In shadows of Mexico's drug war, deadly ambush highlights tensions over ancestral lands

OAXACA, Mexico (AP) — Before the barrage of gunfire, a makeshift roadblock of boulders was the only sign that a small caravan of cars had crossed the line into a decades-old feud that long ago drove off police and federal poll workers.

What followed was a stunning reminder that pockets of Mexico remain submerged in volatile local conflicts over land, resources and power, with some factions keeping state and federal authorities at bay.

Gunmen opened fire with assault rifles late last month on a group of European and Mexican rights activists, journalists and teachers union representatives who were attempting to reach a Triqui Indian village besieged by rival political factions.

Two of the activists — from Finland and Mexico — were shot and killed almost instantly inside one of the cars, and several more were wounded as the panic-stricken group scrambled out of shattered car windows and fled into the surrounding hills.

"At first when they started shooting, we thought they were warning shots in the air," said Ruben Valencia, an activist who has experienced violent street protests. He escaped from the front seat of the same car where the two activists died on April 27.

"When the hail of bullets started hitting the car, coming through the windshield, the truth is I thought I was a goner."

Two journalists from the Mexico City-based magazine Contralinea had come to the Indian community of San Juan Copala to investigate the killing of two Triqui reporters. The Contralinea journalists, one wounded, spent almost three days hidden in the bush while state police negotiated with local militants to ensure safe access for rescuers.

The roots of the violence can be traced back at least 40 years to a struggle for patronage money from state political bosses in the remote Triqui Baja area of the Sierra Mixteca, where an estimated 10,000 ethnic Triquis live. But the bloody land feuds between centuries-old neighbors long ago took on a momentum of their own.

Rival bands now defend their territory at all costs, according to Maria Dolores Paris, a researcher at the Colegio de la Frontera Norte in Tijuana who has visited San Juan Copala and tracked heavy Triqui migration from Oaxaca state over the past decade that has been spurred by violence and economic upheaval.

"The strongest and most violent problem is territorial control by political organizations," Paris said. "Here the state government doesn't enter, the police don't enter and no one else enters without asking permission."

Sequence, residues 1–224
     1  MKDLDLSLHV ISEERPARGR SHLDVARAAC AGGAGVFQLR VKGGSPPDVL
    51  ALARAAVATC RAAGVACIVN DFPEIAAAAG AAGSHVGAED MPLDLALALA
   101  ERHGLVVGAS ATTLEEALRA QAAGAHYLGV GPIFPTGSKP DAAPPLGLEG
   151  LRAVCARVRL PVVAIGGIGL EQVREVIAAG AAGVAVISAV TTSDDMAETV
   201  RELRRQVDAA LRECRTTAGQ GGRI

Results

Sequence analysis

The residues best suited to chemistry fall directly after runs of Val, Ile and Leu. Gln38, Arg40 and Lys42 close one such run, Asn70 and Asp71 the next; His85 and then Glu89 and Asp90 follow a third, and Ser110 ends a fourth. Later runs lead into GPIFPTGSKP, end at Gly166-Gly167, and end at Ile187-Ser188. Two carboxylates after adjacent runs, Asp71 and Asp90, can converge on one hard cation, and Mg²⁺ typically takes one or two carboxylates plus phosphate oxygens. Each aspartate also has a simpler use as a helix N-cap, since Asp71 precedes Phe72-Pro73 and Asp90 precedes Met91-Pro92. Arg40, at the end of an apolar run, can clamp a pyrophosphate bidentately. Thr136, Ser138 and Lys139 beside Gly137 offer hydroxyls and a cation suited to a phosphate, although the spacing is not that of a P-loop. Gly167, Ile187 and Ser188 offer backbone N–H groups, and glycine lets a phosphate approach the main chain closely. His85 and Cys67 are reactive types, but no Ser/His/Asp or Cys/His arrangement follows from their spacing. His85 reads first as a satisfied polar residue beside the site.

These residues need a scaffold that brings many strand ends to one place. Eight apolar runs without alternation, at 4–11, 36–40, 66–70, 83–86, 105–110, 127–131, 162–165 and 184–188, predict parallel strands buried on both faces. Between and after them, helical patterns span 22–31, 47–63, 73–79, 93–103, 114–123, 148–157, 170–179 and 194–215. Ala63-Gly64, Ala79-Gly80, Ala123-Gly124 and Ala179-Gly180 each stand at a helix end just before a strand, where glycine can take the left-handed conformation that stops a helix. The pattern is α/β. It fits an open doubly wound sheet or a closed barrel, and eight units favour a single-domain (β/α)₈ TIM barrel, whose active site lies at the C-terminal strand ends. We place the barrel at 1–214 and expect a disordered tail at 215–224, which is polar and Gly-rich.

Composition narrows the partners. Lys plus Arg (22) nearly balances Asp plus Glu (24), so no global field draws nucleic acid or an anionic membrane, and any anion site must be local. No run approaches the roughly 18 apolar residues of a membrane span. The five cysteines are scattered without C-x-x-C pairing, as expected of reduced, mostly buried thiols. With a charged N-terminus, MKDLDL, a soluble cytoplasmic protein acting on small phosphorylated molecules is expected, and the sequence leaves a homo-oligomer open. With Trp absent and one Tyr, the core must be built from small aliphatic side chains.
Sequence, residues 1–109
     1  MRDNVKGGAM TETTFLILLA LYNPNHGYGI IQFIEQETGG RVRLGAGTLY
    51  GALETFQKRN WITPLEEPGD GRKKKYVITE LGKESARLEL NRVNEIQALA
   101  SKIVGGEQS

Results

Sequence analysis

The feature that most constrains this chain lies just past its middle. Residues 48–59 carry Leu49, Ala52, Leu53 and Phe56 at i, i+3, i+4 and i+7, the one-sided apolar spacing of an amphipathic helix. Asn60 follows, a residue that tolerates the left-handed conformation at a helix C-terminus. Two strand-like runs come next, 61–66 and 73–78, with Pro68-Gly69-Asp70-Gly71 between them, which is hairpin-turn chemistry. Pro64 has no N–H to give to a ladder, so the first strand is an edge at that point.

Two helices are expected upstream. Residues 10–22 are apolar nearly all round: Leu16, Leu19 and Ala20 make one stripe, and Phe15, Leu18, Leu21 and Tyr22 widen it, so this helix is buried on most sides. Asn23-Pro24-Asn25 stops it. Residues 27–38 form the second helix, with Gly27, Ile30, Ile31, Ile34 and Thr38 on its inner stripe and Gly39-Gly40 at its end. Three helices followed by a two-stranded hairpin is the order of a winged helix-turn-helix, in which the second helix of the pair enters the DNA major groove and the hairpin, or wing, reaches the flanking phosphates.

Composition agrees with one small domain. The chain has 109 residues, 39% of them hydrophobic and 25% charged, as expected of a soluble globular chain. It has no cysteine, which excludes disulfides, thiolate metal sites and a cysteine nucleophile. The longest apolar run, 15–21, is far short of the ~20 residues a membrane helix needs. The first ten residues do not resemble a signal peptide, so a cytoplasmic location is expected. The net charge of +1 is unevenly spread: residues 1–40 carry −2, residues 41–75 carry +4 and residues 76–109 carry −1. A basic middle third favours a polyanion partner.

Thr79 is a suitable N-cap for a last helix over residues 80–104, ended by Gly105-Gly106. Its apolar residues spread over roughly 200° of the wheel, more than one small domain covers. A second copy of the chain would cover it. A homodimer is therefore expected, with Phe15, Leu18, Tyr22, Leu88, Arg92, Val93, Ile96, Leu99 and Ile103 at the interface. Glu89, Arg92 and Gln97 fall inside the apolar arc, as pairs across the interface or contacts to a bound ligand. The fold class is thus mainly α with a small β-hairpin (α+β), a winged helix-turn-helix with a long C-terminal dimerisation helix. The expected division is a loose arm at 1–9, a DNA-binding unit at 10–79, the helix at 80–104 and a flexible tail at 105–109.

The caravan ambush took place outside San Juan Copala, where some members of warring political factions have formed an autonomous local government, hoping to break with decades of internecine fighting.

But two of the town's main factions eventually turned on the autonomous government, regarding it as a rival power. They have cut off all supplies and access to a village center where schools are reportedly closed out of security concerns, few dare to wander outdoors by day and hunger is taking hold.

People familiar with the town say the mid-April assassination of a key supporter of the autonomous government escalated the conflict prior to the ambush on the activists.

"San Juan Copala is completely cut off, without contact. The shootouts are daily. Buildings are strewn with bullet marks," said Jorge Albino Ortiz, a student from the embattled area who joined the local autonomy movement after he and friends were mistakenly ambushed by militants.

He last visited San Juan Copala a month ago, sneaking in and out before dawn. "It's a dead town."

The federal Attorney General's Office has opened an investigation into the caravan shootings.

Mexico's government has made significant efforts to resolve land conflicts since the 1994 Zapatista uprising for Indian rights that led to self-governing towns in neighboring Chiapas state. In some cases, the government has resettled entire communities.

Killings in conflict-ridden Indian areas have declined significantly over the past two decades even while Mexico's overall homicide rate has spiked because of a drug war that has claimed 23,000 lives since President Felipe Calderon took office in December 2006.

But the conflict in the Triqui Baja has only grown more desperate.

Paris said the ill-fated caravan, intent on bringing humanitarian attention to the town, drove across territory that has been closely guarded by a militant group aligned with the state's ruling party.

"When you cross the line, you are risking your life," she said. "In every house there are guns. And they're not guns like a rifle for hunting. They are high-powered weapons in many cases."

Known by the Spanish acronym Ubisort, the militant group denied responsibility for the attack. The group's leader has told local newspapers that supporters of the autonomous government had staged an "auto-ambush."

Oaxaca's state government is widely blamed for stoking the conflict by governing by proxy through militant factions.

Far from expressing concern over the threat to safe passage on a public highway, state authorities have questioned whether the foreigners were adequately informed about the risks and nature of the outing on one of Oaxaca's lawless roads.

Participants say five Europeans took part in the convoy of 27 people. Cars were draped with banners declaring that press and international observers were on board.

Fleeing the ambush, Valencia wandered through the countryside until four gunmen surrounded him and took his camera, cell phone, money and ID and warned that they now knew where to find him.

Stumbling back upon the highway hours later, he was lucky to hitch a ride.

"The truck driver said that had he known we were from the caravan, he wouldn't have picked us up," he said.